By Sabine Stanley Ph.D., Johns Hopkins University
Saturn’s rings are masterpieces of gravity, spiraling dust, and ice with enormous empty spaces in and out. These rings are big enough to host moons inside while others are too narrow to host anything and just particles. The rings will disappear one day. Ever thought, why?
What are Saturn’s Rings Made of?
Saturn’s rings are not the only ones in the solar system, yet they are unique. They are not made of material emitted from moons. So, what are they made of?
The common theory is that the particles came from a moon, at least 500 kilometers in diameter, which broke up into pieces as it approached Saturn. As a moon gets closer to a giant planet like Saturn, the planet’s tidal forces surpass the moon’s gravity and break it apart. This happens in the Roche region, where the disruptive tidal forces or the attractive gravitational forces are strongest.
It is the Roche limit that presses particles together to form moons. Except for the outermost E ring and the Phoebe ring, the other rings are within the Roche limit. These two rings are composed of micron-sized ice and dust particles from two distant moons. Apart from the composition, how long will it take a ring to be formed?
How Old are the Rings?
There is no definite answer to the question, but the rings are perhaps only 10 to 100 million years old. The supporting evidence came from the Cassini mission: it measured the mass of the rings by detecting how much the spacecraft was gravitationally attracted to the rings. They contain around 40% of the mass of Saturn’s 7th largest moon, Mimas.
Combining the mass with the rings’ cleanness shows that they are perhaps even younger than dinosaurs! But like dinosaurs, they will also die out someday.
This is a transcript from the video series A Field Guide to the Planets. Watch it now, on Wondrium.
When Will Saturn’s Rings Disappear?
The rings’ particles ‘rain’ on Saturn. Microscopic-sized water and dust grains get trapped in Saturn’s magnetic fields, descending onto the planet at mid-latitudes. Every 30 minutes, about an Olympic-sized swimming pool’s worth of water rains from the rings.
Scientists initially estimated that the rings will vanish in 300 million years from now. However, the Cassini mission found out the amount of rain is more than expected. Around the equator, the rings rain about 10,000 kilograms of material per second. Other than water ice, there are also methane, nitrogen, carbon dioxide, silicates, and organics in the rain.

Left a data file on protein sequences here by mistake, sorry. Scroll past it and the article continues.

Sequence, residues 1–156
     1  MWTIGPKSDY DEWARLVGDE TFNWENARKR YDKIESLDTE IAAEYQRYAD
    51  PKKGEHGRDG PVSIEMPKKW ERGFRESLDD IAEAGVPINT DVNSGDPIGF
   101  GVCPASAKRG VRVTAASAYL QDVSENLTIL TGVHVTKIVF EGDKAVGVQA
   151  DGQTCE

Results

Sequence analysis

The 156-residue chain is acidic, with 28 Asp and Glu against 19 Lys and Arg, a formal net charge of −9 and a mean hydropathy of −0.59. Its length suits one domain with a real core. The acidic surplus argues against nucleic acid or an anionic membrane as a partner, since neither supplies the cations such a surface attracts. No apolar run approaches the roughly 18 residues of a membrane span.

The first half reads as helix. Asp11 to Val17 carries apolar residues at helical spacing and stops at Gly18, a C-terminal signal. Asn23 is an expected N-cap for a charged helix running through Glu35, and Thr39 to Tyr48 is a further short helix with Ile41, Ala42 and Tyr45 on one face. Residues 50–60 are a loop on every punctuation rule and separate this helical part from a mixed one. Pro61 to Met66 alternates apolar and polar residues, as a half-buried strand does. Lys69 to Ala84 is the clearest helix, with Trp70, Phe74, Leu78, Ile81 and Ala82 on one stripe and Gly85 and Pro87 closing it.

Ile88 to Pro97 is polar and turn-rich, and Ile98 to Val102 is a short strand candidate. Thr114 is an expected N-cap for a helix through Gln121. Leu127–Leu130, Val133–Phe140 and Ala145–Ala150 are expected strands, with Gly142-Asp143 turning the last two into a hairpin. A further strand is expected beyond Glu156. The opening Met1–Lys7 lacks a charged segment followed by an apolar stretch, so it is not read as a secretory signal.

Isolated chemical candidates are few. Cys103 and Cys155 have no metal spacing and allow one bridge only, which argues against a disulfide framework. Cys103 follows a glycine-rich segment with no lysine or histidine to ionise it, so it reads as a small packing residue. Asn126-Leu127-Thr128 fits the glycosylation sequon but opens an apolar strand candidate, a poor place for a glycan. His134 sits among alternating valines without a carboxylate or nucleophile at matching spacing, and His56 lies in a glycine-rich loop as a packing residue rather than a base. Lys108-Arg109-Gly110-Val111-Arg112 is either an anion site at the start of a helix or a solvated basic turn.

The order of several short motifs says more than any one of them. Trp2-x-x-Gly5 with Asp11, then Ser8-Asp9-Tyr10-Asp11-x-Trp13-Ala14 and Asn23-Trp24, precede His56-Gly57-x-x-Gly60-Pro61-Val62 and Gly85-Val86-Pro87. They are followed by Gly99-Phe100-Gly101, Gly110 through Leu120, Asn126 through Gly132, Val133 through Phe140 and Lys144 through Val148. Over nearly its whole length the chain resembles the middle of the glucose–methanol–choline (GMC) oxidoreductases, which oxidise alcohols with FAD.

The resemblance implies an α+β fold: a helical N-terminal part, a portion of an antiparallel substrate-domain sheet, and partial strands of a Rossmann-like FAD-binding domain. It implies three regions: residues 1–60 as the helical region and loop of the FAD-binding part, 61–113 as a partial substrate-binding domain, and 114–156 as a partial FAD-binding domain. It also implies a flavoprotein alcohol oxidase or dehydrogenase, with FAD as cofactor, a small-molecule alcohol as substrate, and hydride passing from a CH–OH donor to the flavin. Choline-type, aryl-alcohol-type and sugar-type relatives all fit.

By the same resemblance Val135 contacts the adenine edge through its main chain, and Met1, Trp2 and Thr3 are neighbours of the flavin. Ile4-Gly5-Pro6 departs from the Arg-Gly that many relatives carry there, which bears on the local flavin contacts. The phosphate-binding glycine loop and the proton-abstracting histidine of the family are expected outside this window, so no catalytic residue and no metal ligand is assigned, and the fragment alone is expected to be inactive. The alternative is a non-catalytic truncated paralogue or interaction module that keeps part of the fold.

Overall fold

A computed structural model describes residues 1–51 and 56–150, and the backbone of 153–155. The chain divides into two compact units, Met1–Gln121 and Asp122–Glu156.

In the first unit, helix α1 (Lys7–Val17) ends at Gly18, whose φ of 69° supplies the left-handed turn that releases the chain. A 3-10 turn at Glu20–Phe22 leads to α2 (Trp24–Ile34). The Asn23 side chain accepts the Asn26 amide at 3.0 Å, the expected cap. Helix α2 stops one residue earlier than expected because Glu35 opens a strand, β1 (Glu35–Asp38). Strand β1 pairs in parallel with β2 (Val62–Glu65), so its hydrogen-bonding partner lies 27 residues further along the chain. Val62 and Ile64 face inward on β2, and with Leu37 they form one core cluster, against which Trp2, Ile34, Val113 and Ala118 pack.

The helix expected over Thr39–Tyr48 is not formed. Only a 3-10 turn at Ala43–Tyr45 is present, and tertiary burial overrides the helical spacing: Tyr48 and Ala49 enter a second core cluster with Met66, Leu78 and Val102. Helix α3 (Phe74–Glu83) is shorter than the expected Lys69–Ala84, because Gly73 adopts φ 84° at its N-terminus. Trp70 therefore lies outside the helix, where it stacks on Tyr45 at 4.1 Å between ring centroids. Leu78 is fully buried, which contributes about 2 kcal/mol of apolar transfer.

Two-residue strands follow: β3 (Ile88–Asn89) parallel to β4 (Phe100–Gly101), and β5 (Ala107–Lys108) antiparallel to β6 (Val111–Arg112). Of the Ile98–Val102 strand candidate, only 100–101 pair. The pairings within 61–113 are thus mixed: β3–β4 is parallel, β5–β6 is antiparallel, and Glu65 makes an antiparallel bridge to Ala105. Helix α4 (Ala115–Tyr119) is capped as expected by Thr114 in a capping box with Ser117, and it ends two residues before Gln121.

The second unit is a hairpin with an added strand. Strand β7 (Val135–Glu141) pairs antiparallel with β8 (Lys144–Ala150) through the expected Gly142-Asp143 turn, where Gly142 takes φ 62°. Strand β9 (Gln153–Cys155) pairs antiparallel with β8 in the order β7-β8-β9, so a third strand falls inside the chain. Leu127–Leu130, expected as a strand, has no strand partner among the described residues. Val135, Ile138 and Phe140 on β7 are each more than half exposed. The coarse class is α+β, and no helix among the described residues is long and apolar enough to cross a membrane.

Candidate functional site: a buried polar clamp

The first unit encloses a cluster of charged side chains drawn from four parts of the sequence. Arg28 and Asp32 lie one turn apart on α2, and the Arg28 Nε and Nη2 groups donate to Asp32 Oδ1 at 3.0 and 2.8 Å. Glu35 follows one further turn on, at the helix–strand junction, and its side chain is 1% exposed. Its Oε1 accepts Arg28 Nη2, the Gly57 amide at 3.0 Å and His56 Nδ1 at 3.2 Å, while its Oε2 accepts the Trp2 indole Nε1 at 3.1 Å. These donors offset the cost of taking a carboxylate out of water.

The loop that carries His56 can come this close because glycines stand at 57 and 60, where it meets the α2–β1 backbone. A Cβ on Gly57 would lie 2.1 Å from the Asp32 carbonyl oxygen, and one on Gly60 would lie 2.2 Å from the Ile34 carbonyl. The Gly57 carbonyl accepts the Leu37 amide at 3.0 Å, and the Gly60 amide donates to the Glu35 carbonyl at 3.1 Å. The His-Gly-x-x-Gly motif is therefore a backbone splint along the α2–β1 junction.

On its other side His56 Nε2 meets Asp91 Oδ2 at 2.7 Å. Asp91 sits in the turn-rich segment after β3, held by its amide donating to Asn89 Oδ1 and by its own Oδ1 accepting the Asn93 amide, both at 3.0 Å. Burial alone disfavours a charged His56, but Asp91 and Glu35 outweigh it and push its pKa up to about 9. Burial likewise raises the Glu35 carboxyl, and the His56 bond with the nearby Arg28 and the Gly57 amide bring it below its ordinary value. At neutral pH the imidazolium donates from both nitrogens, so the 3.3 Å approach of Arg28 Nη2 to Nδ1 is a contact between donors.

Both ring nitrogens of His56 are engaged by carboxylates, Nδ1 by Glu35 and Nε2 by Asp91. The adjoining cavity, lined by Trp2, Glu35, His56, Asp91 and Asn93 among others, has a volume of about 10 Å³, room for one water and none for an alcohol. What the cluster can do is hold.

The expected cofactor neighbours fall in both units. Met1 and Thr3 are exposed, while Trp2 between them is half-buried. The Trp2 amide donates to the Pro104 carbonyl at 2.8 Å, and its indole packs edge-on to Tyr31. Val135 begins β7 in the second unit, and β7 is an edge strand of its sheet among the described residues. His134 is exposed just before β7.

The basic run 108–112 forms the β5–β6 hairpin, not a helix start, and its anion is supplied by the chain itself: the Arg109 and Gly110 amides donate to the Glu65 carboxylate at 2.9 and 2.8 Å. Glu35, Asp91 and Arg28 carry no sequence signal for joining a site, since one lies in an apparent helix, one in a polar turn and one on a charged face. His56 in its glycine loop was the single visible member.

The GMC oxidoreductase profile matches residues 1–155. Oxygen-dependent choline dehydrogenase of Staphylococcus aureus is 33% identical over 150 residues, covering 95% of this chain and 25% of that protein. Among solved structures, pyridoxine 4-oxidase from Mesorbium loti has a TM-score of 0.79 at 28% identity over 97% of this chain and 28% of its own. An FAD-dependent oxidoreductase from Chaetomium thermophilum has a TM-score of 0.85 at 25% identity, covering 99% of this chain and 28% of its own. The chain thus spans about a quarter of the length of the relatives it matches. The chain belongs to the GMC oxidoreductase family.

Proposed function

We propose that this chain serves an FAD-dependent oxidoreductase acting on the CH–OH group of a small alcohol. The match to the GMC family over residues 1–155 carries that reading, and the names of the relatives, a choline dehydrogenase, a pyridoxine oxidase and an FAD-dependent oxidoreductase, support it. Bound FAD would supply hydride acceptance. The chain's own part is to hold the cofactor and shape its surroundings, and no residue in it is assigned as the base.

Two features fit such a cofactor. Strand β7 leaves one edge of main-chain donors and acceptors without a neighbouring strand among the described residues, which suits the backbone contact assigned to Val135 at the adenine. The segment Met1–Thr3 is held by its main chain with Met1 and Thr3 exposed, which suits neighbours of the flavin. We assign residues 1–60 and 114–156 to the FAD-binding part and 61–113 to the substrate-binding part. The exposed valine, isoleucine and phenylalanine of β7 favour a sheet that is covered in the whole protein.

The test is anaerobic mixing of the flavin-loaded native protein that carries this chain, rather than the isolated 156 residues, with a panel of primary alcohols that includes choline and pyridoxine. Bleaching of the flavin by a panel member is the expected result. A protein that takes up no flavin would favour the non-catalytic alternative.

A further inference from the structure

By new estimates, the rings will disappear in 10 to 100 million years from now. What is the role of Saturn itself in killing the rings?
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Saturn’s Size and Composition
Saturn is a yellow-shaded gas giant that can fit 764 Earths inside and is 95 times more massive than Earth. It is mainly composed of hydrogen and helium and is significantly larger at the equators than the poles.
There are zonal winds in Saturn’s atmosphere, and the clouds have layers of ammonia ice, ammonium hydrosulfide ice, and water ice. The wind speed can reach 1100 miles per hour, as a result of Saturn’s interior cooling and solar heating. Saturn has seasons due to its 27° tilt as the Earth does, but as the Saturn’s year is 29.5 Earth years, each Saturn season is around 7.5 years long. There are storms too.
Storms on Saturn
Saturn, like Jupiter, produces more heat than it receives from the sun. Unlike Jupiter, the giant storms on Saturn do not last very long. For example, the ‘Great White Spot’ formed in 2010 and ended in 2011. The storm spread out horizontally until it encircled the whole planet and turned into a ring!
The storms disappear shortly after turning into rings. The first storm of this type was observed in 1876. Storms seemed to be seasonal, appearing every one Saturn year. Smaller storms appear now and then, but if another giant one forms in 2020, the seasonal storm theory gets much stronger. What happens at the poles?
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Saturn’s north pole has a hexagon about 14,000 kilometers long, rotating at the same speed as Saturn’s interior. The hexagon is still a mystery, but it could be a kind of standing wave. The south pole, on the other hand, has a vortex.
The southern vortex is as big as the Earth with wind speed reaching up to 340 miles per hour. The Cassini mission changed orbit from the equatorial plane to a polar orientation, to discover the poles and Saturn’s atmosphere. After 22 orbits, its signal was lost about 950 miles above the cloud tops.
Thus, the data from the 17th century up to now combined to answer questions about Saturn’s rings. There are still mysteries in and around the planet, but some are solved.
Common Questions about Saturn’s Rings
Saturn’s rings are particles of different sizes orbiting the planet. They are formed as a result of the gravitational forces of small moons around Saturn.
The rings around Saturn are named alphabetically in the order of discovery. The three closest ones are A, B, and C.
Evidence shows that Saturn’s rings will eventually be lost. That will take from 10 to 100 million years from now.